There has been some debate as to whether the new Labour leadership had “watered down” the previous position from rent suspension to rent deferral during coronavirus lockdown. Under Labour’s former leadership, both Jeremy Corbyn and John McDonnell spoke in favour of rent “suspensions.” On March 18th, in response to the government’s claim to a “complete ban on evictions and additional protection for renters,” McDonnell tweeted “This is inadequate. This approach could lumber tenants with a mountain of debt. At best this policy risks only deferring evictions. The Government should cover rent for those who lose income due to coronavirus.”

On the same day, Jeremy Corbyn wrote to the prime minister calling for rent to be suspended. However, Labour’s official stance remained unclear. On March 25th, then Shadow Secretary John Healey wrote in the New Statesman that the government should “legislate for a further, manageable period for renters to pay back deferred rent.” Healey was always one of the more right-leaning figures in the old shadow cabinet, and it now seems as if this line has won out within the Labour Party under Keir Starmer.

Members of Parliament from all parties have been keen to sing the praises of our key workers during this crisis, but very few have been willing to back this sentiment with policy interventions. A large proportion of care workers, NHS staff, delivery drivers, refuse collectors and supermarket staff are on low or minimum wages and many are on zero-hour contracts. These workers, who are dubbed heroes, have received no pay increases in the wake of Covid-19. Now they face an enormous debt burden – under both the Conservative and Labour plans.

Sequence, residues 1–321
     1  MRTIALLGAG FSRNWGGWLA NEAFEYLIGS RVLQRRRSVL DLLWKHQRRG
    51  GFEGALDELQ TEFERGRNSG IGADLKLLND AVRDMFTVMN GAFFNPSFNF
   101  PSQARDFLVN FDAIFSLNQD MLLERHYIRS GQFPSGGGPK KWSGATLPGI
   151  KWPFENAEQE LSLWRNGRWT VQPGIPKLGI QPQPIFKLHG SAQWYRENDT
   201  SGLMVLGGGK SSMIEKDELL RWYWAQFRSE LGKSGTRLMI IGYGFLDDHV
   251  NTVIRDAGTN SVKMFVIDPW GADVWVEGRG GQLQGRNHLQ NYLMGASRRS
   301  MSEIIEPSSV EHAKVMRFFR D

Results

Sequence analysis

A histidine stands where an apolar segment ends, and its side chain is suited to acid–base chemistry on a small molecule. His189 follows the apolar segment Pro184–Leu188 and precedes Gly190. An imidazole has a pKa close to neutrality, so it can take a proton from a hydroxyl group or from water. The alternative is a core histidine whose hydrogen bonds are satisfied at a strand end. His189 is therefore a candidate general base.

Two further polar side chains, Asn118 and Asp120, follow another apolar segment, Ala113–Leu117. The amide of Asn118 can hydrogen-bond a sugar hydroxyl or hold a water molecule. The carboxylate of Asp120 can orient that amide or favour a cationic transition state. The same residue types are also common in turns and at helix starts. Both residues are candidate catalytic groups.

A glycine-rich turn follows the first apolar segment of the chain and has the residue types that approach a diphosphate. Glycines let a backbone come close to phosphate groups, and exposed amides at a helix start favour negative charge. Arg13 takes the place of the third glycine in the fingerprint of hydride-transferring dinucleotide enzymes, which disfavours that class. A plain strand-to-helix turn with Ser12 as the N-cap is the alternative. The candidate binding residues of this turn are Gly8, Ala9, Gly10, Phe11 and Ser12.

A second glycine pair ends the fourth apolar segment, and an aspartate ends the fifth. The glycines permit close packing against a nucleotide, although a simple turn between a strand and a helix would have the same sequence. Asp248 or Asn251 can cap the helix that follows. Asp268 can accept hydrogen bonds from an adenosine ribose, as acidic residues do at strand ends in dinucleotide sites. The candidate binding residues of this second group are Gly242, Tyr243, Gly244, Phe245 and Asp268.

An ACORN petition launched in March made the case for “a rent waiver for the duration of the crisis meaning that any arrears accrued during the crisis cannot be expected or included in any future grounds for eviction on the basis of rent arrears.” It has over 43,000 signatures to date. Another petition was started yesterday by Labour members appealing directly to Keir Starmer and Thangam Debonnaire to drop the new policy and support rent cancellation.

Labour should respond to the reality of the Covid-19 crisis. This means pushing for an appropriately bold package of legislation to prevent people being saddled with unsustainable debt or becoming homeless. It is clearer with every passing week that those without capital or a resilient income move closer and closer to that cliff edge. Labour must listen to the voices of renters if they are to seek their votes in future. For workers and families, and subsequently the economy, to recover, Labour must push the government for a rent cancellation. Chancellor Sunak was keen to tell the public the government would do “whatever it takes” – Labour’s job is to hold him to account on that promise.